Before the relatively quick collapse of France from the German invasion of 1940, the French Army managed a stock of one of the largest tank forces anywhere in the world. On the eve of war in September of 1939, primary French tank strength centered on the World War 1-era Renault FT-17 Light Tank, which appeared in 1,580 examples, followed by the more modern Renault R35 Light Tank which added another 1,070 to the inventory. Joining other leading tank powers of the period, the French Army also invested in several medium- and heavy-class tanks - the Char B1 being one of the latter that should have impacted the French defense more greatly than it did.
Design work on the Char B1 began as early as 1921 and spanned into 1934. Its roots in the post-World War 1 (1914-1918) years meant that the B1's appearance was greatly influenced by the heavyweight tank systems appearing in the previous global conflict. French authorities requested a gun-carrying vehicle with primary armament to be no less than a 75mm howitzer able to contend with enemy positions at range and performance capabilities to manage uneven terrain and cross trenches. A prolonged design and development period followed though nothing tangible was realized until 1930. Serial production did not happen until 1935 and would end during 1940 after which two main models emerged - the original "Char B1" and the improved "Char B1 bis". Between the two marks, 34 became the B1 model and 369 were to the B1 bis standard. Overall weight was 31 tons (short) and dimensions included a length of 21 feet, a width of 8 feet, and a height of 9 feet. The standard operating crew numbered four and armor protection reached 40mm thick (Char B1). The Char B1 bis increased armor to as much as 60mm and also included a better 300 horsepower engine (born of an aircraft powerplant) with increased fuel stores for improved range and updated secondary weaponry (47mm SA 35) in a revised turret structure. The little-remembered "Char B1 ter" mark, with its 70mm armor scheme and 350 horsepower engine, resulted in just two prototypes by the time of the French surrender.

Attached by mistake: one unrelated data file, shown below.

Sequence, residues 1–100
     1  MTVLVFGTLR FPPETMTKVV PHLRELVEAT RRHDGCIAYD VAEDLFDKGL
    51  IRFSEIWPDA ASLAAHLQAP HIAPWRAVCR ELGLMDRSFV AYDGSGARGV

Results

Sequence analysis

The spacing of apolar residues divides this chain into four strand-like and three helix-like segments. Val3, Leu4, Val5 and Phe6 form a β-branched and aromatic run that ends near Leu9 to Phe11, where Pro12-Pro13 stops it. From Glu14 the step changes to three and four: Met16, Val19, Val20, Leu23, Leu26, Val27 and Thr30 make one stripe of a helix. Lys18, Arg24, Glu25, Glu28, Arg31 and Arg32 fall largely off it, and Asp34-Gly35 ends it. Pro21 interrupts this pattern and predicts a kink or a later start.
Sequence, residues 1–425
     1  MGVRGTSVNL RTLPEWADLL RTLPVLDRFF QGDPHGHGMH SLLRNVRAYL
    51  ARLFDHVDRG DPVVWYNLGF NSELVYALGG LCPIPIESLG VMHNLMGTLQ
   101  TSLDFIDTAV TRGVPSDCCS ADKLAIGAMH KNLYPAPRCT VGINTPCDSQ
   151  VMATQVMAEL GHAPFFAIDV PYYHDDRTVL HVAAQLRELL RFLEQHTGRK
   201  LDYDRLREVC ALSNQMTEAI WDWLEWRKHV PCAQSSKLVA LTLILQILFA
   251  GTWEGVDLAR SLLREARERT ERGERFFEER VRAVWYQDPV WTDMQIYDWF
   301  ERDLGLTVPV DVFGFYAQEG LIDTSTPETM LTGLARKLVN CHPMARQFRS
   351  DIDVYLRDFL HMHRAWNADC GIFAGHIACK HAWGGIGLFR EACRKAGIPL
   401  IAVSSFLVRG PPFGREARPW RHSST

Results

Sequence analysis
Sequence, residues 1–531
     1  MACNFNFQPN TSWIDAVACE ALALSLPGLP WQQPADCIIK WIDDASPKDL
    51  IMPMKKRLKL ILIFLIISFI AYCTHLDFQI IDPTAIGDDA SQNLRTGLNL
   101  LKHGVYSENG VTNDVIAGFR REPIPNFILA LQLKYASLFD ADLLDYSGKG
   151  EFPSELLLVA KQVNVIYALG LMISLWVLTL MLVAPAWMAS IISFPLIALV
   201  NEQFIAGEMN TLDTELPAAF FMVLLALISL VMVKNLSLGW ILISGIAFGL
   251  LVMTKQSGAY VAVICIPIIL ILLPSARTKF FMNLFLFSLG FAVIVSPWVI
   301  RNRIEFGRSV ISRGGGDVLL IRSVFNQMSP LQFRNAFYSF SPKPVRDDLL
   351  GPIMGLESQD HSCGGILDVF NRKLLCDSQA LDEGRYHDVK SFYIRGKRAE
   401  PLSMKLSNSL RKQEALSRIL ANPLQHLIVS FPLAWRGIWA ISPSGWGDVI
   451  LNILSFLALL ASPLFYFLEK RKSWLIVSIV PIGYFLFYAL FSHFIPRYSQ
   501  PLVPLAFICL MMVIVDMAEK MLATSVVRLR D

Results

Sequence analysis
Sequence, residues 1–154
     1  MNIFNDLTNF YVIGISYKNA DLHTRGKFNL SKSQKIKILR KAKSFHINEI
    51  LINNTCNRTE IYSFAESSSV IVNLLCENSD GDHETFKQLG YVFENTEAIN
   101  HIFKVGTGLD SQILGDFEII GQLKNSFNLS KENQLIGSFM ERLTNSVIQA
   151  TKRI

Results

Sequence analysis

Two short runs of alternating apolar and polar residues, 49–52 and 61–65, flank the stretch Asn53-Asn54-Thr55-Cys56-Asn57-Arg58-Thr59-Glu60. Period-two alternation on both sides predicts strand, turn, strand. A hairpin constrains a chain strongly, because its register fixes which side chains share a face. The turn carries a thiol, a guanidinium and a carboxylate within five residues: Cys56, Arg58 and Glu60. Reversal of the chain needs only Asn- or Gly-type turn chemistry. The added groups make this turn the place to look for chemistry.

Power for the original production tank was through an in-house Renault 6-cylinder inline gasoline engine outputting at 272 horsepower. The engine was mated to a transmission system featuring five forward speeds and single reverse speed. The hull was suspended atop a mixed coil / leaf spring system utilizing multiple bogie elements and the track links ran about the hull sides, exposed over most of its length (this quality featured on many World War 1 tanks). All told, the Char B1 could manage a maximum road speed of up to 17 miles per hour and an operational road range out to 120 miles.